Groovy DSL – A Simple Example

Domain Specific Languages (DSLs) have become a valuable part of the Groovy idiom. DSLs are used in native Groovy builders, Grails and GORM, and testing frameworks. To a developer, DSLs are consumable and understandable, which makes implementation more fluid as compared to traditional programming. But how is a DSL implemented? How does it work behind the scenes? This article will demonstrate a simple DSL that can get a developer kick started on the basic concepts.

What is a DSL

DSL’s are meant to target a particular type of problem. They are short expressive means of programming that fit well in a narrow context. For example with GORM, you can express hibernate mapping with a DSL rather than XML.

  static mapping = {
    table 'person'
    columns {
      name column:'name'
    }
  }  

Much of the theory for DSLs and the benefits they deliver are well documented. Refer to these sources as a starting point:

A Simple DSL Example in Groovy

The following example offers a simplified view of implementing an internal DSL. Frameworks have much more advanced methods of creating a DSL. However this example does highlight closure delegation and meta object protocol concepts that are essential to understanding the inner workings of a DSL.

Requirements Overview

Imagine that a customer needs a memo generator. The memos needs to have a few simple fields, such as ‘to’, ‘from’, and ‘body’. The memo can also have sections such as ‘Summary’ or ‘Important.’ The summary fields are dynamic and can be anything on demand. In addition, the memo needs to be outputed in three formats: xml, html, and text.

We elect to implement this as a DSL in Groovy. The DSL result looks like this:

MemoDsl.make {
    to 'Nirav Assar'
    from 'Barack Obama'
    body 'How are things? We are doing well. Take care'
    idea 'The economy is key'
    request 'Please vote for me'
    xml
}

The output from the code yields:

 <memo>
  <to>Nirav Assar</to>
  <from>Barack Obama</from>
  <body>How are things? We are doing well. Take care</body>
  <idea>The economy is key</idea>
  <request>Please vote for me</request>
  </memo>  

The last line in the DSL can also be changed to ‘html’ or ‘text’. This affects the output format.

Implementation

A static method that accepts a closure is a hassle free way to implement a DSL. In the memo example, the class MemoDsl has a make method. It creates an instance and delegates all calls in the closure to the instance. This is the mechanism where the ‘to’, and ‘from’ sections end up executing methods inside the MemoDsl class. Once the to() method is called, we store the text in the instance for formatting later on.

class MemoDsl {

    String toText
    String fromText
    String body
    def sections = []

    /**
     * This method accepts a closure which is essentially the DSL. Delegate the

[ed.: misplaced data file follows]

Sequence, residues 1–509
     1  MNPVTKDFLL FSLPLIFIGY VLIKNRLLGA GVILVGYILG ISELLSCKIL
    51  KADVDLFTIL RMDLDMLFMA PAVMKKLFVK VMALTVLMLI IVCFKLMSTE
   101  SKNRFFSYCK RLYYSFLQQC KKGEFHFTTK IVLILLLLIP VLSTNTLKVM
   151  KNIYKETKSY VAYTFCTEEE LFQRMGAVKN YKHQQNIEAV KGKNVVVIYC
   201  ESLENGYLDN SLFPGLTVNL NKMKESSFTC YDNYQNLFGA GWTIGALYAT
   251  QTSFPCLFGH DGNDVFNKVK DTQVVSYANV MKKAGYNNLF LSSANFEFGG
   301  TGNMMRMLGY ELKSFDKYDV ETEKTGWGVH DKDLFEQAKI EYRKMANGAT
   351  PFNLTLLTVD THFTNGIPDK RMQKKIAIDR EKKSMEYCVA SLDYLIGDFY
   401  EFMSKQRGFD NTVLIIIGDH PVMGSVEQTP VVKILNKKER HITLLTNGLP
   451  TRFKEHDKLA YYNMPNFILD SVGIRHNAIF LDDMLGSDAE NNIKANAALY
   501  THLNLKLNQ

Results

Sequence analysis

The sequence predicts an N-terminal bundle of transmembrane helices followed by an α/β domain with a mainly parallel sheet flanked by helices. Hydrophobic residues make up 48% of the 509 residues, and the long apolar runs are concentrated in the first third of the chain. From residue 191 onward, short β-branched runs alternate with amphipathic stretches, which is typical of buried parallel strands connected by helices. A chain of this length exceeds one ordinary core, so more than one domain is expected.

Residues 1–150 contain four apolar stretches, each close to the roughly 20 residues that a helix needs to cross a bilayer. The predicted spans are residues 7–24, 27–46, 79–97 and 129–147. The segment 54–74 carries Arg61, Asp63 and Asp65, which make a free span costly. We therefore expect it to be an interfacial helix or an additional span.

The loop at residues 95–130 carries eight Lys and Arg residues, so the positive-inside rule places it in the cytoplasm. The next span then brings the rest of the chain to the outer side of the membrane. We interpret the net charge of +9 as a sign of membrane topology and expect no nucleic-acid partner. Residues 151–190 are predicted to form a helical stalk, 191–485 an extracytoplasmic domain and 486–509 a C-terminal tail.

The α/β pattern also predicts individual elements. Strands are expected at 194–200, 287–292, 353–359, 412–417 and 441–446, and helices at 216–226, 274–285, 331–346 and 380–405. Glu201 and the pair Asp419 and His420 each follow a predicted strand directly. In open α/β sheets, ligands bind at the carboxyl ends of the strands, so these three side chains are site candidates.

* closure methods to
     * the DSL class so the calls can be processed
     */
    def static make(closure) {
        MemoDsl memoDsl = new MemoDsl()
        // any method called in closure will be delegated to the memoDsl class
        closure.delegate = memoDsl
        closure()
    }

    /**
     * Store the parameter as a variable and use it later to output a memo
     */
    def to(String toText) {
        this.toText = toText
    }

    def from(String fromText) {
        this.fromText = fromText
    }

    def body(String bodyText) {
        this.body = bodyText
    }
}  

Dynamic Sections

When the closure includes a method that is not present in the MemoDsl class, groovy identifies it as a missing method. With Groovy’s meta object protocol, the methodMissing interface on the class is invoked. This is how we handle sections for the memo. In the client code above we have entries for idea and request.

MemoDsl.make {
    to 'Nirav Assar'
    from 'Barack Obama'
    body 'How are things? We are doing well. Take care'
    idea 'The economy is key'
    request 'Please vote for me'
    xml
} 

The sections are processed with the following code in MemoDsl. It creates a section class and appends it to a list in the instance.

/**
 * When a method is not recognized, assume it is a title for a new section. Create a simple
 * object that contains the method name and the parameter which is the body.
 */
def methodMissing(String methodName, args) {
 def section = new Section(title: methodName, body: args[0])
 sections << section
}

Processing Various Outputs

Finally the most interesting part of the DSL is how we process the various outputs. The final line in the closure specifies the output desired. When a closure contains a string such as ‘xml’ with no parameters, groovy assumes this is a ‘getter’ method. Thus we need to implement ‘getXml()’ to catch the delegation execution:

/**
 * 'get' methods get called from the dsl by convention. Due to groovy closure delegation,
 * we had to place MarkUpBuilder and StringWrite code in a static method as the delegate of the closure
 * did not have access to the system.out
 */
def getXml() {
 doXml(this)
}

/**
 * Use markupBuilder to create a customer xml output
 */
private static doXml(MemoDsl memoDsl) {
 def writer = new StringWriter()
 def xml = new MarkupBuilder(writer)
 xml.memo() {
  to(memoDsl.toText)
  from(memoDsl.fromText)
  body(memoDsl.body)
  // cycle through the stored section objects to create an xml tag